Joel Willits offers a review of my former colleague Bruce Longenecker’s recent book Remember the Poor: Paul, Poverty, and the Greco-Roman World (Eerdmans) over at Euangelion. I have not yet seen a copy, but Bruce was working in these directions before he left St Andrews for Baylor, and I think I can guess something of how the argument goes: although there is not an enormous amount of emphasis in the NT texts on Paul’s ongoing concern for the collection for the church in Jerusalem, or for caring for economically-disadvantaged members of the community, there is some; if we consider the then-prevalent assumption amongst devout diaspora Jews (like Paul…) that charity was an essential component of acceptable worship, then we can reconstruct on the basis of the evidence we do have a picture of concern for the poor, and particularly concern that the gentile churches should relieve the poverty of the mother church in Jerusalem, as being central to Paul’s vision of his own mission, and of the Christian identity of the churches he founded.
Rather like Finney refusing to allow someone to profess Christianity without committing to the abolitionist cause, Paul could not conceive of a church that was not involved in (what we would now call) social justice; it is as intrinsic to the gospel as worship, discipleship, and mission – actually, it just is worship, discipleship, and mission, in Paul’s view.
As Joel points out, this is a timely reminder. Joel himself has recently offered a substantial review of Kevin DeYoung and Greg Gilbert’s What is the Mission of the Church?, which is only the latest of a stream of publications arguing that social justice, whilst perhaps commendable, is no part of the core business of a Christian community. I understand the concern that, sometimes, justice has been perceived as an easier and less costly practice than other forms of gospel witness, and so has been allowed to displace them. The answer to this, though, is not so to swing the pendulum as to neglect this aspect of gospel witness instead.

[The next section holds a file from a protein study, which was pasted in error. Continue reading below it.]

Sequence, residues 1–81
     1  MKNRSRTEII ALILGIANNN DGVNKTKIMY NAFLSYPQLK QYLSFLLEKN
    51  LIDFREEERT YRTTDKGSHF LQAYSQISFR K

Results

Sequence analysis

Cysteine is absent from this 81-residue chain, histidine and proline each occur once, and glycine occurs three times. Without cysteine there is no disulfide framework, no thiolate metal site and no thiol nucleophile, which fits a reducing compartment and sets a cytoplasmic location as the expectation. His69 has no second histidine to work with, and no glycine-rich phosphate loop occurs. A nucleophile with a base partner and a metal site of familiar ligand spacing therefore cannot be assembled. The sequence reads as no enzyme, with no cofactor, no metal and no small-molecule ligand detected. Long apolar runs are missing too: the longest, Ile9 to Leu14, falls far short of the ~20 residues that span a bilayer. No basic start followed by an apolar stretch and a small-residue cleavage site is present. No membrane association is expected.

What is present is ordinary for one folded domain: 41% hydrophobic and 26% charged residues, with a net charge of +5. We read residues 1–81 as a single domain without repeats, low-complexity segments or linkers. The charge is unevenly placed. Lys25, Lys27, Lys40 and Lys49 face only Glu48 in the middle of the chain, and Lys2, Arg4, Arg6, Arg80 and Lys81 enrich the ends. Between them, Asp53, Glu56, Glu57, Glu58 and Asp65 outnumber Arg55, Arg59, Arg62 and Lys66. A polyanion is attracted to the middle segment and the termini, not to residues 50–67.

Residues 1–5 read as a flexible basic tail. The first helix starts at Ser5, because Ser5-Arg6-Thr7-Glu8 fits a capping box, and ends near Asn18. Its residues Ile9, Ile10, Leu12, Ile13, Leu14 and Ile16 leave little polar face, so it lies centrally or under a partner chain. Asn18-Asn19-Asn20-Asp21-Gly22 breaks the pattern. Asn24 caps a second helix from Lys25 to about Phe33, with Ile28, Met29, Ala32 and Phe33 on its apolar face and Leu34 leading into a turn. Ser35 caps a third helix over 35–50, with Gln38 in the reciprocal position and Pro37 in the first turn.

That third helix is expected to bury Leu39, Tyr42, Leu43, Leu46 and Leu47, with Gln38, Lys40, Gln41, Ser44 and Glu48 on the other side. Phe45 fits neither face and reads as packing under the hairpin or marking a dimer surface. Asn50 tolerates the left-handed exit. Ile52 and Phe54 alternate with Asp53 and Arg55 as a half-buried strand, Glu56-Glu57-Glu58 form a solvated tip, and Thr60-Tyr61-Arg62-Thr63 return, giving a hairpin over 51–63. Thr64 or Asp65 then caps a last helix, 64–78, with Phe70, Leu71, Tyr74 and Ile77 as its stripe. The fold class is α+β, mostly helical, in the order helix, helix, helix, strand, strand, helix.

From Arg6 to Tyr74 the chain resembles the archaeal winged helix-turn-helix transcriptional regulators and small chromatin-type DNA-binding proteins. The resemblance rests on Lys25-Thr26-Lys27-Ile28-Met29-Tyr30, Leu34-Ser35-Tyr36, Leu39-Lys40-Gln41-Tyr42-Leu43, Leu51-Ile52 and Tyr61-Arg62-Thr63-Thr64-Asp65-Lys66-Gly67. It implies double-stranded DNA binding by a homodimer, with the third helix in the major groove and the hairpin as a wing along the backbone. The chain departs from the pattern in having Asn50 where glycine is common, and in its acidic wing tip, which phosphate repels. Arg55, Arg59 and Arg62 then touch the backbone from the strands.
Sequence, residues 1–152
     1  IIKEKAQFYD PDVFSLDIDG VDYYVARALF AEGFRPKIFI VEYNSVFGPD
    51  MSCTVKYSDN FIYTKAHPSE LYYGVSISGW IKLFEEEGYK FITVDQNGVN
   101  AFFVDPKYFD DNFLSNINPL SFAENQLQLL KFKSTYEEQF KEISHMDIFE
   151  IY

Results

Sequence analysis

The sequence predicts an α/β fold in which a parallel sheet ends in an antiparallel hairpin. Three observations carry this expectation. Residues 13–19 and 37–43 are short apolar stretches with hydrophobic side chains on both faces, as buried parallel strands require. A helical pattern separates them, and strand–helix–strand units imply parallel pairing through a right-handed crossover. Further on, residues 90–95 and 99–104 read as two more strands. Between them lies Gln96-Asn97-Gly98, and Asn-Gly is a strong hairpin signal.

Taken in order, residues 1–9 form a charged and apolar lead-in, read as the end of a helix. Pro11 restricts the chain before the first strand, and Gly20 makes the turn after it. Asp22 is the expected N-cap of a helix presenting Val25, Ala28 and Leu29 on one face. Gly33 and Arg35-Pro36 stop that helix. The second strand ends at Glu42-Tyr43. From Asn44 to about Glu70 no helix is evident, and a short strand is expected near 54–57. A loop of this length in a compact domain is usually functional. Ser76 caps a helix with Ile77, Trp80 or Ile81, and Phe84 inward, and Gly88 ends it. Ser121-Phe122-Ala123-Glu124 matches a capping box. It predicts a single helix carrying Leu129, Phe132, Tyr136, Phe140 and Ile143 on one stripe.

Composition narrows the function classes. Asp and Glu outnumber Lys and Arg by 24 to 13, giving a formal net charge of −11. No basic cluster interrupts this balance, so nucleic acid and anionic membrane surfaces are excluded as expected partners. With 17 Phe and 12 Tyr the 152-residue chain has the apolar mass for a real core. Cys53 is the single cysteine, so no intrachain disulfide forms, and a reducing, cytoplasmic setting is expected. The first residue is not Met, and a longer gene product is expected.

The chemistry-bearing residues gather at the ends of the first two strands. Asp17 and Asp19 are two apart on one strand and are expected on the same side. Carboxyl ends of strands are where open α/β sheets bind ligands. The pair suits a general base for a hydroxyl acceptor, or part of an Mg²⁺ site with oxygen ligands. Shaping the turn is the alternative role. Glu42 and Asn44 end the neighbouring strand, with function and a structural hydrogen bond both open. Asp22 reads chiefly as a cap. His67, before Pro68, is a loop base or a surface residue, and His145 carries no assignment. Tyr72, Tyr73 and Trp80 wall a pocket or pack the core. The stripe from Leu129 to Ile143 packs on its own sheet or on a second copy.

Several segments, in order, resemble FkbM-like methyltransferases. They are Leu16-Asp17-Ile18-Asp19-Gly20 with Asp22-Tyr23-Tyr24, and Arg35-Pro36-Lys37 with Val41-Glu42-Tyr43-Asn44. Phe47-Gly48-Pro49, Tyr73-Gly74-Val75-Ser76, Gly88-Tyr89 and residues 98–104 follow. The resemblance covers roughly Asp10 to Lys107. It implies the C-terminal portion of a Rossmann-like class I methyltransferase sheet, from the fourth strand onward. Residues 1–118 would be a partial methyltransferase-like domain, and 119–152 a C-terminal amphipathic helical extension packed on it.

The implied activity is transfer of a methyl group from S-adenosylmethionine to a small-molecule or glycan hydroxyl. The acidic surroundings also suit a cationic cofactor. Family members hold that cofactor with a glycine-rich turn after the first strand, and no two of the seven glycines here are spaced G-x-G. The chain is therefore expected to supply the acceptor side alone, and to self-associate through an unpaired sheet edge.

The bloodless conquest of the Empire by the early church was in large part achieved by a sustained and serious practice of social justice; bishops took the title ‘lovers of the poor,’ and lived it so well that, over a century or so, they constructed a new and previously-unimagined political power-base that propelled them to positions of prominence in almost every city of the Empire (Peter Brown, Power and Persuasion in Late Antiquity, is very good on this; start around pp. 90-100). Human hearts were conquered by the fearless witness of the martyrs; but the culture was conquered – whilst the church was still a minority movement – by a faithful practice of social justice.
Paul consulted once with Peter and James and John about the ethical implications of belief in Jesus; one thing only was agreed to be non-negotiable by all four of them: ‘remember the poor’ (Gal. 2:10). This is at the heart of the gospel.